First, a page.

May-June 2021

Story by Michelle Sutton; photos courtesy of Bergen Water Gardens and Nursery

The ‘Magnificient’ lotus is the first to bloom each year at the nursery

Halfway between the Villages of Bergen in Genesee County and Churchville in Monroe County lies Bergen Water Gardens and Nursery (hereafter, “Bergen”), where spouses Larry Nau and Lili Liu are growing the largest collection of lotus in the world outside of China. Their property is sixteen acres—and currently they are only using a fraction of that to grow their 400-plus varieties of lotus. “Lili would like the entire sixteen acres to be lotus,” Nau says, smiling. “We do have a lot of energy, and the business has grown significantly in the last five years, so maybe that will come to pass.” 

The nursery has an extensive collection of carnivorous plants as well—oh yes, and waterlilies and orchids and dwarf conifers. Lotus and carnivorous plants are in the biggest demand now at Bergen—more about those in a minute. “Apart from not being able to travel to China as we typically do, the past year has actually been good for our business,” Nau says. “As people are spending more time at home, they’ve been looking for new things to grow.” Bergen has a beautiful user-friendly website, does extensive mail order, and welcomes in-person visitors. 

Larry Nau grew up in Spencerport and went to Churchville-Chili High School, then attended the University of Rochester in the late 1970s, where he studied biology and anthropology and began collecting orchids. While a student, he connected with a biology professor who specialized in alga, which fed Nau’s then-nascent interest in plants; and a medical anthropology professor, who helped Nau get interested in world travel. During his time in school, Nau joined Crossroads Africa, a Peace Corps–like program that actually predated the Peace Corps, and was assigned to Liberia. “Our assignment was supposed to be medical in nature,” he says, “but when we got there, the most pressing need was for a construction crew to rebuild the Hope School for the Deaf in Monrovia.” 

While in Africa, Nau travelled to Sierra Leone and to Ghana, and after graduation, he took a research assignment in Malawi studying cichlids, tropical fish that originate in the lakes of central Africa and are a food source for the region. Nau had collected cichlids and other tropical fish throughout his childhood and was a scuba diver, so he was a good fit for the study. He logged 150 hours in Lake Malawi, studying the cichlids and trying not to be trampled by hippos. “We divers hugged the bottom of the lake so as not to get between mama and baby,” he says. With this second sojourn in Africa, Nau was fully hooked on international travel and over the years has visited Thailand, Australia, Papua New Guinea, and China.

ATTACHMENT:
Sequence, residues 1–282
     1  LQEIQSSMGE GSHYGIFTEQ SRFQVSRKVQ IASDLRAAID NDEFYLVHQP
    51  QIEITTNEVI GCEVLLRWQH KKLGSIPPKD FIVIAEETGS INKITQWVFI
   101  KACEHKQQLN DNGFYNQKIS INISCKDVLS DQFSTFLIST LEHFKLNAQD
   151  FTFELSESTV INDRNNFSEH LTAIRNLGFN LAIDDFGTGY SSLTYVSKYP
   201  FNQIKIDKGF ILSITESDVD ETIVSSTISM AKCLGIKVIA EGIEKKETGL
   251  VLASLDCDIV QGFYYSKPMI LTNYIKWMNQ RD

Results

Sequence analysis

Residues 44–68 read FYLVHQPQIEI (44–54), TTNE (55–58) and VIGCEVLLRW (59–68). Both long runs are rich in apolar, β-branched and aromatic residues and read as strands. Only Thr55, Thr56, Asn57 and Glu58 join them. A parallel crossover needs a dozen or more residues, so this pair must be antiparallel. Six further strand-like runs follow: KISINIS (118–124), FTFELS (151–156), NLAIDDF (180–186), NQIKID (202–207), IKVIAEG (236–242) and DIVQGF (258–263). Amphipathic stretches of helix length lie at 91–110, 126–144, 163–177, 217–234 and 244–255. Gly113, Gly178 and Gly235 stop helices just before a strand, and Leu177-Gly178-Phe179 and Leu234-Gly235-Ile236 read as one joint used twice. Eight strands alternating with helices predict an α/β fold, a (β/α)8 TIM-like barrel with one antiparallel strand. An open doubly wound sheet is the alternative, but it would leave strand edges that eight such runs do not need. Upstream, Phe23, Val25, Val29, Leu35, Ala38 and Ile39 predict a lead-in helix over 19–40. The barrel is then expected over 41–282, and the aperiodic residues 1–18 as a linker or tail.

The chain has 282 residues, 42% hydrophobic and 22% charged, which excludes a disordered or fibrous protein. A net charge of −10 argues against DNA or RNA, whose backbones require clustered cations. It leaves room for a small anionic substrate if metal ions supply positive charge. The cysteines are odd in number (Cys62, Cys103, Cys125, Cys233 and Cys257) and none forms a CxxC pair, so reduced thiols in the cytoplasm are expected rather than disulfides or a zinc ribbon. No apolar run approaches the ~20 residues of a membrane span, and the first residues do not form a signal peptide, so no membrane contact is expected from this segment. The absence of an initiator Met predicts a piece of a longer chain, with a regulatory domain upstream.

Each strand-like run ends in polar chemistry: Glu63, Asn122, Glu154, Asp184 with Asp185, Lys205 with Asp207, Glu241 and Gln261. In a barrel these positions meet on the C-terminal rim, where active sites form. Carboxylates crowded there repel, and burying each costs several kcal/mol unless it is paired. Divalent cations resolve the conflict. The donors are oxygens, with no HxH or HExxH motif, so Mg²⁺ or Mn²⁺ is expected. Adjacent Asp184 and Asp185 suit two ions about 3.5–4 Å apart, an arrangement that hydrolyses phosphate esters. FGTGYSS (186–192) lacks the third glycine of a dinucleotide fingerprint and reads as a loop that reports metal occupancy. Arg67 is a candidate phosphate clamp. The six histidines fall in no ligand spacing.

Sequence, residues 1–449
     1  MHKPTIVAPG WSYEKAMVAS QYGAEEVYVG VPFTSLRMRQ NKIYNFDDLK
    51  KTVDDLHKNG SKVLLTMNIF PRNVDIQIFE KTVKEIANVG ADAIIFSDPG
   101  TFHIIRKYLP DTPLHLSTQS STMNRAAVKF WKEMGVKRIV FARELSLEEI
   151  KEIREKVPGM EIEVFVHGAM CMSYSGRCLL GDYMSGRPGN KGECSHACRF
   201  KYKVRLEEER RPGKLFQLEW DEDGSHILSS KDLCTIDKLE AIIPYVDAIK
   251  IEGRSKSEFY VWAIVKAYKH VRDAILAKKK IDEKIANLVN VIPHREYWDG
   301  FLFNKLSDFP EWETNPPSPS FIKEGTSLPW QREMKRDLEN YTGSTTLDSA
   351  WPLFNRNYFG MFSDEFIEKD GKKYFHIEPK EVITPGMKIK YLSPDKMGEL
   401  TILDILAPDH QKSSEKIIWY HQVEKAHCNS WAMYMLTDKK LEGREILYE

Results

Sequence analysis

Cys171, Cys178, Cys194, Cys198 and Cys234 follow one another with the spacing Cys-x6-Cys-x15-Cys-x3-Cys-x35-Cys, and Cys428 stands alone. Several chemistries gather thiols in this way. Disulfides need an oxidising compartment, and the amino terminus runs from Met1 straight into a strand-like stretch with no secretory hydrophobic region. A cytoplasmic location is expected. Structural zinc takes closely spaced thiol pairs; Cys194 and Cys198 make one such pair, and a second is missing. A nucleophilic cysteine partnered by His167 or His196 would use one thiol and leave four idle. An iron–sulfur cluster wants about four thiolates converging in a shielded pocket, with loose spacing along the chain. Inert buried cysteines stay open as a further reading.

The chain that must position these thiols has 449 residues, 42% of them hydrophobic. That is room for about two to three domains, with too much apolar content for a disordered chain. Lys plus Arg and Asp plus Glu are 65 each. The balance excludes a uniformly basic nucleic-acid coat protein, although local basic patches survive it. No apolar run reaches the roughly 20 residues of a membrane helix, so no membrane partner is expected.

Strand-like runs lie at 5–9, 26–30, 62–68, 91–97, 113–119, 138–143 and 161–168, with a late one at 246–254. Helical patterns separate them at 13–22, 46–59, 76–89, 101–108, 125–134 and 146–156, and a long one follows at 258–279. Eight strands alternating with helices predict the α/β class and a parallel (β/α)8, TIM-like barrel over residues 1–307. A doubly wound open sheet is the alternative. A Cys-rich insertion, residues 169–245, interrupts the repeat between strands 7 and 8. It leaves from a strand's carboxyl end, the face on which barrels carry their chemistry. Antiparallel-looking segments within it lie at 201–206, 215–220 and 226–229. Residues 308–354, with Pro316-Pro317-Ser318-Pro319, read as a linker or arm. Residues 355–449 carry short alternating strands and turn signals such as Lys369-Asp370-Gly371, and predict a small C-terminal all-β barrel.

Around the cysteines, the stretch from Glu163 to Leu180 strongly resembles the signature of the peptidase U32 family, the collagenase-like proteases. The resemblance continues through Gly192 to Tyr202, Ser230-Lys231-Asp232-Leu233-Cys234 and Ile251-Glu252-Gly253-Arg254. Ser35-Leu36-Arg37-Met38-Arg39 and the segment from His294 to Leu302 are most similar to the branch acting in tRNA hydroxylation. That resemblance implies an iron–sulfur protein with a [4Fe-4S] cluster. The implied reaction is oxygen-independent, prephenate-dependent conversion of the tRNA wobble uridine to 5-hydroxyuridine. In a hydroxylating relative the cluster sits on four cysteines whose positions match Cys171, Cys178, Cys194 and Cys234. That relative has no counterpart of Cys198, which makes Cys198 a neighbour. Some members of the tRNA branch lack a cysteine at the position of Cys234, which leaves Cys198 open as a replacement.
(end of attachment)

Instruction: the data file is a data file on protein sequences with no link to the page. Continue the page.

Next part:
During college, Nau began his career at Pet World, which had ten privately-owned stores in New York, from Buffalo to Saratoga Springs. “In the late 1970s, ponds became a thing,” Nau says. “My background with fish and plants helped make me Pet World’s go-to person for all things ponds, and I focused on providing the stores the best selection of fish from around the world.” Nau spent forty-one years with Pet World as its livestock buyer and district manager, while simultaneously building up Bergen Water Gardens and Nursery on the land he purchased with his first wife, Sherry.

As Nau grew his business, he got increasingly involved with the International Waterlily and Water Gardening Society (IWGS) and served as its executive director from 2009 to 2011. 

Nau also became president of the Northeast region of the American Conifer Society (ACS) from 2012 to 2014. Through these positions he made meaningful domestic and international connections in the plant world. He gained experience with organizing symposia in Thailand and China for botanical garden directors, horticulturists, and other serious waterlily and lotus collectors and aficionados. These friendships and contacts continue to enrich his life. 

Then came the carnivorous plants, starting with trumpet pitcher plants (Sarracenia spp.) for floating islands in ponds or elements of bog gardens. “I had maybe 20 different varieties of Sarracenia for a long time, but eventually I got more interested in tropical pitchers plants (Nepenthes spp.)—carnivorous plants from Asia,” Nau says. “I imported them, learned to grow them, and now we have one of the better collections in the U.S. Later this year we plan to build our sixth greenhouse, just for the Nepenthes.” Bergen also sells sundews (Drosera spp.), and butterworts (Pinguicula spp.); many of their carnivorous plants can be grown as houseplants on a window sill. Bergen grows more than 25 varieties of Venus fly traps (Dionaea muscipula), highlighting distinctive growth types, colors, and teeth characteristics.

Closeup of Venus fly trap in action

In 2016, Nau’s personal life and business thrived when he and Lili Liu married. Liu had been an accountant in China; when she came to Bergen, she joined the business seamlessly, bringing to it her business skills, love of people, an energy level to match her husband’s, and the ability to speak Mandarin, Cantonese, and Chaozhou. “I handle most of the purchasing and wholesale side of things, while Lili handles most of the social media, marketing, and retail interactions,” Nau says. “She also corresponds with hybridizers aroundChina on WeChat and other platforms.” Typically, Nau and Liu travel to China several times a year to survey plant varieties, meet growers, and make purchasing arrangements. He and Liu sell all over the U.S. and to customers in Italy, Germany, India, Denmark, and Russia, among other countries.